Star World Real World Bayesian Liklihood Ratio 2D Normal Distribution Yes No k97_real_star1_poseBuckets.zip
Star World Real World Bayesian Liklihood Ratio 2D Normal Distribution Yes No k97mod_real_star1_poseBuckets_Spec.zip

 

Path Planning with the Map Viewer Application

The Map Viewer application also has a path planning mode, which can plan paths in a map using a highly modified version of the A-Star algorithm. To use this mode, click on the "To Path Mode" button.

 

Displaying a robot's path using the Map Viewer Application

The Map Viewer application has a third mode, RobotRun, which can be used to display the path taken by a robot. Either the entire path can be displayed, or it can be animated to show the the robot moving. The information about a run is stored in a file with the extension .run. This can be useful for such applications as displaying the path a robot took for a particular test run, or showing the results of a pursuit-and-evasion contest between two or more robots. Another interesting application is to display a complete game of robot soccer, for example the type used in the RoboCup competition.

These files are not compatible with MapViewer 2.x, only with versions up to 1.6b.

Each record in the file, stored in a simple text format, looks as follows:

Xposition Yposition AngleFacing

The X and Y values are stored in millimetres, with the AngleFacing (the direction the robot is facing) being stored in degrees. Currently the angle is not used in the program, but may be in future releases.

Each record in a .RUN file is considered to be the robot's position at a certain timestep, so each record represents a single timestep. Since frequent updates of the robot's position are generally required for real-time robot control (in my case 10 refreshes per second), the application can animate the run at a variety of speeds, with the default being 50 timesteps per second, which for me means 5 times normal speed. This can be changed using the "Timesteps/Sec" button.

Up to 25 simultaneous robot runs can be loaded at any one time, though they might become less clear when displaying the complete path, since they will ofthen overlap. When animating the robot run, it becomes much clearer, even with many robot runs loaded. Below are some example RobotRun files, for use with the Computer Science Building and AIC maps, though robot runs can be displayed with or without a map in the background (unlike the paths in the Path mode, which must be generated using a map).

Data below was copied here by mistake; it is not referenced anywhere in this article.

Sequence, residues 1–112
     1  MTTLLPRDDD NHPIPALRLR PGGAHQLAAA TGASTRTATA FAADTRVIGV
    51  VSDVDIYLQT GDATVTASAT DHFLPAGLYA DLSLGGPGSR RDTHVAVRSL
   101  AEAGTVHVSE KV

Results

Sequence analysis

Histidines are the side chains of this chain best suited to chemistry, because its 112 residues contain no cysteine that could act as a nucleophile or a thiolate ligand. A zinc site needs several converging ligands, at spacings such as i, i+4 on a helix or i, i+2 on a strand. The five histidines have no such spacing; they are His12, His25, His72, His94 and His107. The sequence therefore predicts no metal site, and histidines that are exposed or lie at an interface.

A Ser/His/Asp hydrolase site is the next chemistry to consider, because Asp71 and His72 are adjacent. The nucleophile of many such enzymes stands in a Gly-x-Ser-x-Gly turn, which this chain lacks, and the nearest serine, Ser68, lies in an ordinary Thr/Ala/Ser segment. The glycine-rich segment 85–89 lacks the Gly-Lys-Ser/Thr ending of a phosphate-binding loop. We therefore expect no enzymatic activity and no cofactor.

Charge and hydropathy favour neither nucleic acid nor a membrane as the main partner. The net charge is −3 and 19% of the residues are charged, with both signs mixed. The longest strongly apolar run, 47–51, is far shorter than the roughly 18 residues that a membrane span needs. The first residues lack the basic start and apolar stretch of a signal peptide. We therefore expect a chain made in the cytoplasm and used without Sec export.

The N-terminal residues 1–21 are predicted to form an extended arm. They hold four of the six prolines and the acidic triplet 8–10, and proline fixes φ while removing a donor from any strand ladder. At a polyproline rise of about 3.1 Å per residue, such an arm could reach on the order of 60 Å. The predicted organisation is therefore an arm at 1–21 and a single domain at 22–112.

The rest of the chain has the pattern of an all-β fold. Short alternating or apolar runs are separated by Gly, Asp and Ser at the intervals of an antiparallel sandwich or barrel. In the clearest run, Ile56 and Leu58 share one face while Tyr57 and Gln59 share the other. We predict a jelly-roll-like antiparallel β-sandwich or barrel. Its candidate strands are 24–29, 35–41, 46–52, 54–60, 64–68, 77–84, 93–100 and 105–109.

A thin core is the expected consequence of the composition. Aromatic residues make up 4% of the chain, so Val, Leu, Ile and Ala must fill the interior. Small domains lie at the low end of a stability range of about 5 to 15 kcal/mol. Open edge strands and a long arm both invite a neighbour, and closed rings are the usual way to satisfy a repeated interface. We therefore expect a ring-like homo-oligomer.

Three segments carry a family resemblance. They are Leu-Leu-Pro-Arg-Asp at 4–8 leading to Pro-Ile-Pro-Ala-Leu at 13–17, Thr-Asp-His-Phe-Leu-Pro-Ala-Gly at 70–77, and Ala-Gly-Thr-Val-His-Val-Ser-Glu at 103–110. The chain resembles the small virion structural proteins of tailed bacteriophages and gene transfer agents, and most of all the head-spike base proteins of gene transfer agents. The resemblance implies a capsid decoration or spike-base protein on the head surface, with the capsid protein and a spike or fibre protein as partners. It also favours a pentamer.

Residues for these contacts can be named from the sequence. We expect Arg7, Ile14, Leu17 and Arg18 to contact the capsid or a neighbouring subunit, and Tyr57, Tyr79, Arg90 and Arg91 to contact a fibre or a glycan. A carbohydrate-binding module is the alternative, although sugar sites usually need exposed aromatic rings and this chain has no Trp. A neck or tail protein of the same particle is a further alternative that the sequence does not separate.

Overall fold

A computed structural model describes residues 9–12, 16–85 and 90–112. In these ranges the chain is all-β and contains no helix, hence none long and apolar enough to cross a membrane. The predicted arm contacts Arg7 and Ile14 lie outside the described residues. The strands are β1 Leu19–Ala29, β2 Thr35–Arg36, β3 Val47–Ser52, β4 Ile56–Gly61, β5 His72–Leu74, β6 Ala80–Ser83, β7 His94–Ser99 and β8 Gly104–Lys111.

File Map To Be Used With (Optional)
AIC_robot_runs.zip AIC
CSIS_robot_runs.zip Computer Science Building

 

Generating Voronoi Diagrams

Since the 1.6b release of MapViewer I've improved the Voronoi Diagram generation algorithm - it now runs much, much faster, and is more accurate. It is included in release 2.x of MapViewer. The algorithm is a modified version of Stephan Fortune's sweep line algorithm. Stephan very kindly put his algorithm on his website in C code. However, this merely printed information to the screen, and also suffers from severe memory leak issues. I've fixed these up, and encapsulated the code in a class, VoronoiDiagramGenerator. The two files are VoronoiDiagramGenerator.h and VoronoiDiagramGenerator.cpp.
Using the class is very simple. There are 3 public methods,

bool generateVoronoi(float *xValues, float *yValues, int numPoints, float minX, float maxX, float minY, float maxY, float minDist=0); This takes two float arrays with the occupied points in the map. Obviously enough, xValues[0] corresponds to yValues[0], and so on. numPoints specifies the size of the two arrays - the 2 arrays must of course be the same size. minX, minY, maxX, maxY specifies the bounding box around the map, so that any lines with less than 2 end points are clipped instead of extending to infinity, and are pretty self explanatory. minDist specifies the minimum distance that must be between two occupied points for an edge between them to be accepted. This is required, since the voronoi algorithm doesn't see occupied points as grid cells - just as infinitely small points. Therefore, if this is set to 0 it will place edges between adjacent occupied cells - note that this is the correct behaviour for pure voronoi algorithms. If you set it to sqrt(8) + 0.1 , then you'll be guaranteed that there will be at least one unoccupied cell between two cells since the distance between points (0,0) and (2,2) is sqrt(8).

void resetIterator()This must be called before you start iterating through the edges - it makes the internal pointer point to the head of the list.

bool getNext(float& x1, float& y1, float& x2, float& y2)This gets the next edge. The four parameters are passed by reference and are overwritten. The method returns true if an edge was returned, false if you've reached the end of the list.

A sample usage is provided in the file voronoi_main.cpp